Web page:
Fear Not

Fear Not

Written by R.C. Sproul |
Wednesday, March 2, 2022

The assurance we need the most is the assurance of salvation. Though we are loathe to think much about it or contemplate it deeply, we know if only intuitively that the worst catastrophe that could ever befall us is to be visited by God’s final punitive wrath.

We are fragile mortals, given to fears of every sort. We have a built-in insecurity that no amount of whistling in the dark can mollify. We seek assurance concerning the things that frighten us the most.

The prohibition uttered more frequently than any other by our Lord is the command, “Fear not.” He said this so often to His disciples and others He encountered that it almost came to sound like a greeting. Where most people greet others by saying “Hi” or “Hello,” the first words of Jesus very often were “Fear not.”

Why? Perhaps Jesus’ predilection for those words grew out of His acute sense of the thinly veiled fear that grips all who approach the living God. We fear His power, we fear His wrath, and most of all we fear His ultimate rejection.

The assurance we need the most is the assurance of salvation. Though we are loathe to think much about it or contemplate it deeply, we know if only intuitively that the worst catastrophe that could ever befall us is to be visited by God’s final punitive wrath. Our insecurity is worsened by the certainty that we deserve it.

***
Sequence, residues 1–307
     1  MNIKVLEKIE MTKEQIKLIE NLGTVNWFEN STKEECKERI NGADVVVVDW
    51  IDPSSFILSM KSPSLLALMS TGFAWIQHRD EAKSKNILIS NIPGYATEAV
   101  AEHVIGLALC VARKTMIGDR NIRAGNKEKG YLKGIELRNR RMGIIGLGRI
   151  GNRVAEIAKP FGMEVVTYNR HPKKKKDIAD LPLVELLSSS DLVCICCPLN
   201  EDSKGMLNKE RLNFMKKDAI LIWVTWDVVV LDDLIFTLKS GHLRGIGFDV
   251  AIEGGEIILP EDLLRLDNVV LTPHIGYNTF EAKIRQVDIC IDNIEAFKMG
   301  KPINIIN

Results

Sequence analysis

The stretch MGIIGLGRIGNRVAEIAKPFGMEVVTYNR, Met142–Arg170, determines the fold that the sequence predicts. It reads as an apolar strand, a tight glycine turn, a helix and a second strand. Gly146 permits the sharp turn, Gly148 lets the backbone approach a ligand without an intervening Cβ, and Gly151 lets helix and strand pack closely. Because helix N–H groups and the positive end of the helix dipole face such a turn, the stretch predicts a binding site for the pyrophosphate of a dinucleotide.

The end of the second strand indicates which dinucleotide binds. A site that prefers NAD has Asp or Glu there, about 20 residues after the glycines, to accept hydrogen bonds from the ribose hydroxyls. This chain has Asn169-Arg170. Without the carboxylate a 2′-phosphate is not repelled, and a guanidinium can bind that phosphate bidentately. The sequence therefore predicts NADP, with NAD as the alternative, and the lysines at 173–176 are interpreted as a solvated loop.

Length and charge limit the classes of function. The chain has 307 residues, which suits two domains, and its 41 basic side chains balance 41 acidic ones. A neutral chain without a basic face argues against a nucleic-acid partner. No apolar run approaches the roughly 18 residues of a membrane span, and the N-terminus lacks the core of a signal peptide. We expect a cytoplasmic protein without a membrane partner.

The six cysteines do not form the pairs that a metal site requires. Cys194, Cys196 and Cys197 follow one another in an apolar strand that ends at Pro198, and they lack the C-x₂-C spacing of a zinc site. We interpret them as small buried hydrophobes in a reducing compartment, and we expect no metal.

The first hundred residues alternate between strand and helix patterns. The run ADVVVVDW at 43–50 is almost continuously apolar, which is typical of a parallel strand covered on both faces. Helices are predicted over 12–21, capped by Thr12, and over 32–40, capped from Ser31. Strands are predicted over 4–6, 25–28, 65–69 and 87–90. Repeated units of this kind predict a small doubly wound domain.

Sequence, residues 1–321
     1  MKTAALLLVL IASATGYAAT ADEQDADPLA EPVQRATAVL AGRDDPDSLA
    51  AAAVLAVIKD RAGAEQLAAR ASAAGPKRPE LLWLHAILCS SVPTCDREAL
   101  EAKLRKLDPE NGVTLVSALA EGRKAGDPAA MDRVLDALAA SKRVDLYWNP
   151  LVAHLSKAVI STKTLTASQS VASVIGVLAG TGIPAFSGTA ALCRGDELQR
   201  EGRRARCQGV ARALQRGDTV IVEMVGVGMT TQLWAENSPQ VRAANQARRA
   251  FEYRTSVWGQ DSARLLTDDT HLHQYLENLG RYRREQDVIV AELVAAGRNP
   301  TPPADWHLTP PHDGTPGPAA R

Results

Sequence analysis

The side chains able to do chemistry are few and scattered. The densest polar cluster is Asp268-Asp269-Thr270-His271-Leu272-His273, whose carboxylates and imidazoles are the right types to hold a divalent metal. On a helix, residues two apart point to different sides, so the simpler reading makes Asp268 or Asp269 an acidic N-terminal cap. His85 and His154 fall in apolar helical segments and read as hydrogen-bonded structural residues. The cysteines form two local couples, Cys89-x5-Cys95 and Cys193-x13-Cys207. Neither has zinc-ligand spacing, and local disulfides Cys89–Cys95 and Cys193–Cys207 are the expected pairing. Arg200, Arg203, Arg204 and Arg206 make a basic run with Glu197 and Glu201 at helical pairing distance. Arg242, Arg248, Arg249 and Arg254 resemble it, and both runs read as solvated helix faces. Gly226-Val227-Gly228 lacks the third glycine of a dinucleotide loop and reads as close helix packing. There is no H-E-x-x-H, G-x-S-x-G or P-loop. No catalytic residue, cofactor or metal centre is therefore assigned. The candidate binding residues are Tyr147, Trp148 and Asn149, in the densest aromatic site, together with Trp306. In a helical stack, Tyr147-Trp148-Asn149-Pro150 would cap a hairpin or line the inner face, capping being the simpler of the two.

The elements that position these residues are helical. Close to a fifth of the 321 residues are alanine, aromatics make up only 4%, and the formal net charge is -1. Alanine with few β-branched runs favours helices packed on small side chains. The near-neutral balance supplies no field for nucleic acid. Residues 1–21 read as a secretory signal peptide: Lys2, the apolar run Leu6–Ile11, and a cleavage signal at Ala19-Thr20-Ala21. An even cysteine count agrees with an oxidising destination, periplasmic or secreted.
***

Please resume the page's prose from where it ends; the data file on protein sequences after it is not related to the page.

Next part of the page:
Many believe that assurance of eternal salvation is neither possible nor even to be sought. To claim such assurance is considered a mask of supreme arrogance, the nadir of self-conceit.

Yet, if God declares that it is possible to have full assurance of salvation and even commands that we seek after it, then it would be supremely arrogant for one to deny or neglect it.

In fact, God does command us to make our election and calling sure: “Therefore, my brothers, be all the more eager to make your calling and election sure. For if you do these things, you will never fall” (2 Peter 1:10).

This command admits of no justifiable neglect. It addresses a crucial matter. The question, “Am I saved?” is one of the most important questions I can ever ask myself. I need to know the answer; I must know the answer. This is not a trifle. Without the assurance of salvation the Christian life is unstable. It is vulnerable to the debilitating rigors of mood changes and allows the wolf of heresy to camp on the doorstep. Progress in sanctification requires a firm foundation in faith. Assurance is the cement of that foundation. Without it, the foundation crumbles.

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